Op-Ed Commentary: Chris Devonshire-Ellis
Oct. 13 – It’s always nice when a subject you have firsthand and long standing involvement in finally makes the mainstream media, and so it proved last week with The Economist’s cover story stipulating how India’s growth will outpace that of China. We’ve been pointing this out for some time both last month here on China Briefing in the piece “Why China Demographics Dictate India as a Global Manufacturing Hub” and regularly over the past few years on our 2point6billion.com and India Briefing sites.
The Economist’s articles essentially state what we’ve already said, that India will soon start to outpace China thanks to a young and growing workforce. It also goes on to point out that India’s “much-derided democracy” is finally proving fruitful rather than a hindrance, and attributes “India’s surprising economic miracle” as largely due to its private sector.
“The country’s state may be weak, but its private companies are strong,” the magazine said. That’s very true, and is a major part of where China and India, and the quality of senior management and innovation, differ.
While the vast majority of China’s largest companies are state-owned and subsidized, a matter that is leading to calls of “unfair competition” from the EU in particular, the vast majority of India’s businesses are private sector run and managed and have to generate their own income to survive and prosper. That is leading to a growing difference in decision making and executive talent within the two countries, and while Chinese executives are hitting a glass ceiling due to political considerations and government involvement, Indian executives are not. In short, Chinese executives are being denied the right to develop talents as entrepreneurs within China’s largest companies. I do not believe that to be a healthy system of management training and development.
But why does this matter to China-based businesses? Why are we discussing this on China Briefing?
Well first, let’s go back to what The Economist had to say and had observed. They said that, despite the poor headlines generated in the run up to the Commonwealth Games, India is doing rather well, and its economy is expected to expand by 8.5 percent this year. It has a long way to go before it is as rich as China (the Chinese economy is four times bigger), but its growth rate could overtake China’s by 2013, if not before. Some economists think India will grow faster than any other large country over the next 25 years. Rapid growth in a country of 1.2 billion people is exciting, to put it mildly.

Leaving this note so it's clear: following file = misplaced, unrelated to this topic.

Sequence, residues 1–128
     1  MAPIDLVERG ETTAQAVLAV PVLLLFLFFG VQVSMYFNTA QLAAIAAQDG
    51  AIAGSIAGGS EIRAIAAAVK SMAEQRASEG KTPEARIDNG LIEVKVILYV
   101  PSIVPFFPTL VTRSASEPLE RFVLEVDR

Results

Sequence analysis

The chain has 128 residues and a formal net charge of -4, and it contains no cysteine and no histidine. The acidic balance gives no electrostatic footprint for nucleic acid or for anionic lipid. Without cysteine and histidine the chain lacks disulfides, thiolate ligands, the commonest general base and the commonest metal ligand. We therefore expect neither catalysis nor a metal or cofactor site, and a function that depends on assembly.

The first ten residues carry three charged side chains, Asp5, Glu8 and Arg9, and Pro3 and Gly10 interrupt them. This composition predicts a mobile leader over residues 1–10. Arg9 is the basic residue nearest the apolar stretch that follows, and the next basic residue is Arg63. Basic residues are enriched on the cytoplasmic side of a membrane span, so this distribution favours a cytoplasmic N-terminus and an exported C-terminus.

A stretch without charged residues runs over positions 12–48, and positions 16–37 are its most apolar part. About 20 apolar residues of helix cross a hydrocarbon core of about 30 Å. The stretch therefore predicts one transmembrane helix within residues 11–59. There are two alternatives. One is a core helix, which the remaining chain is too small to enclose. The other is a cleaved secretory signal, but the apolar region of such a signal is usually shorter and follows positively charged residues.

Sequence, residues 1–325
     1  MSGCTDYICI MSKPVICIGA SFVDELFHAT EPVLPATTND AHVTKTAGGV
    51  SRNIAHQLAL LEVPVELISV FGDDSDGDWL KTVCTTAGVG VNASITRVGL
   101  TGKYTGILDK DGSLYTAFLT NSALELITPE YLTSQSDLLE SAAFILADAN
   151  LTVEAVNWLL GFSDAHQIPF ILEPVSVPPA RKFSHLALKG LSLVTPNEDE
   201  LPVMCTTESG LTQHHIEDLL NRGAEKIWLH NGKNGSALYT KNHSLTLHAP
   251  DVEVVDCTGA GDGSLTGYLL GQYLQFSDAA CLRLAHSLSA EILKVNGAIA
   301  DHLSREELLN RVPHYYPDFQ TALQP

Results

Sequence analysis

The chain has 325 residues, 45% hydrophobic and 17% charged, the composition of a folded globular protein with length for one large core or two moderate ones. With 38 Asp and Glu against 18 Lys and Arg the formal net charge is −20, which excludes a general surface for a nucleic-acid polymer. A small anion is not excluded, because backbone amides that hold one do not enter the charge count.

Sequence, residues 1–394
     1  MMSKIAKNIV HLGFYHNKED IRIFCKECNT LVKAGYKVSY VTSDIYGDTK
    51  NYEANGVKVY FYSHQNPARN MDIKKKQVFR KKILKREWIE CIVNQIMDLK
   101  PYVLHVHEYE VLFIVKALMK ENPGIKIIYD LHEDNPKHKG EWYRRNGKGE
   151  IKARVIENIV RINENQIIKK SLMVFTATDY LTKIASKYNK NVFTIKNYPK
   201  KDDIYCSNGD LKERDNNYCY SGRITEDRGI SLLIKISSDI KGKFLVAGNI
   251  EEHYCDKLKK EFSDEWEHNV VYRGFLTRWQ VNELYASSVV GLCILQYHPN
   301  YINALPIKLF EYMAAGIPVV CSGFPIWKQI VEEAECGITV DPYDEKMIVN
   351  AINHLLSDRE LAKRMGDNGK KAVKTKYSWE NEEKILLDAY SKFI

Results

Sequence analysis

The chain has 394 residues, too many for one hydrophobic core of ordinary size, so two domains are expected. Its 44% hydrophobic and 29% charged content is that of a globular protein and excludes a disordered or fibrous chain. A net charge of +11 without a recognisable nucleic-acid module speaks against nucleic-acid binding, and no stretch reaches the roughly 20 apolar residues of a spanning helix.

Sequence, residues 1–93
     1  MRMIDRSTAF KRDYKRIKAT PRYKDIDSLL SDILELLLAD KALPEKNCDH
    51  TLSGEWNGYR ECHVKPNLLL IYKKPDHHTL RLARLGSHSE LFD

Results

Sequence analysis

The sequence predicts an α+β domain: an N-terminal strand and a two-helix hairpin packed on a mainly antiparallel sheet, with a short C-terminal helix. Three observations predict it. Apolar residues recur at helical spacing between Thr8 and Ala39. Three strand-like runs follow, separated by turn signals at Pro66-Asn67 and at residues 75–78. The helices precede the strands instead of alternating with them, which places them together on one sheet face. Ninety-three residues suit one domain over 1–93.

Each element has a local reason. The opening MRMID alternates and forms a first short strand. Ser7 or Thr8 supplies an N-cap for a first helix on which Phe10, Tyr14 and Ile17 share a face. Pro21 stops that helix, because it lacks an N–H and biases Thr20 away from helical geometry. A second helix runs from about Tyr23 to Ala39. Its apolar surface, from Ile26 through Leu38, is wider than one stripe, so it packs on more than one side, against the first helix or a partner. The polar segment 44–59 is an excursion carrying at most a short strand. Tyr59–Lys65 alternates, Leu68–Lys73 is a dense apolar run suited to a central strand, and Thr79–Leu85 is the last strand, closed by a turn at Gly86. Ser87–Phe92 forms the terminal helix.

The Economist is right. It is exciting. Although China’s economy is four times larger than India’s, it is also the second largest in the world. India tends to get overshadowed by all the China hyperbole. India is, in its own right, the world’s eleventh largest economy (nominal GDP) and the fourth by purchasing power parity. With predictions for that to grow at 10 percent per annum for the next two decades, the opportunities to succeed in India, just as China slows down, are overwhelming. It is also important to note that while much is made of the Chinese and their savings, they lag behind India. India has the highest savings rate in the world at 36 percent.
Much was made in the media also about the Commonwealth Games, and the “shit and crap” that preceded it, but we can note the games are proceeding nicely now, once a few heads got knocked together, and also once a few “never been to India before” media hacks started to realize that no, India is not like London or Silicon Valley, and that one has to adjust. Stupid, yet widely publicized comments of Delhi being a “cesspool” are just totally wide of the mark. In fact the city, built by Edwin Lutyens, was designed to show off the splendors of the British Empire and was built with large boulevards to rival Paris, magnificent buildings, and was “greened” with trees from all over the empire. Visitors familiar with it will know what I am talking about.
The Games are a one off, and nothing really to do with China. What is to do with China though, and The Economist echoed our own earlier words, was that they noted “China’s workforce will shortly start ageing; in a few years’ time, it will start shrinking.” India, meanwhile, is now blessed with a young and growing workforce. Its dependency ratio – the proportion of children and old people to working-age adults – is one of the best in the world and will remain so for a generation. India’s economy will benefit from this “demographic dividend,” which has powered many of Asia’s economic miracles.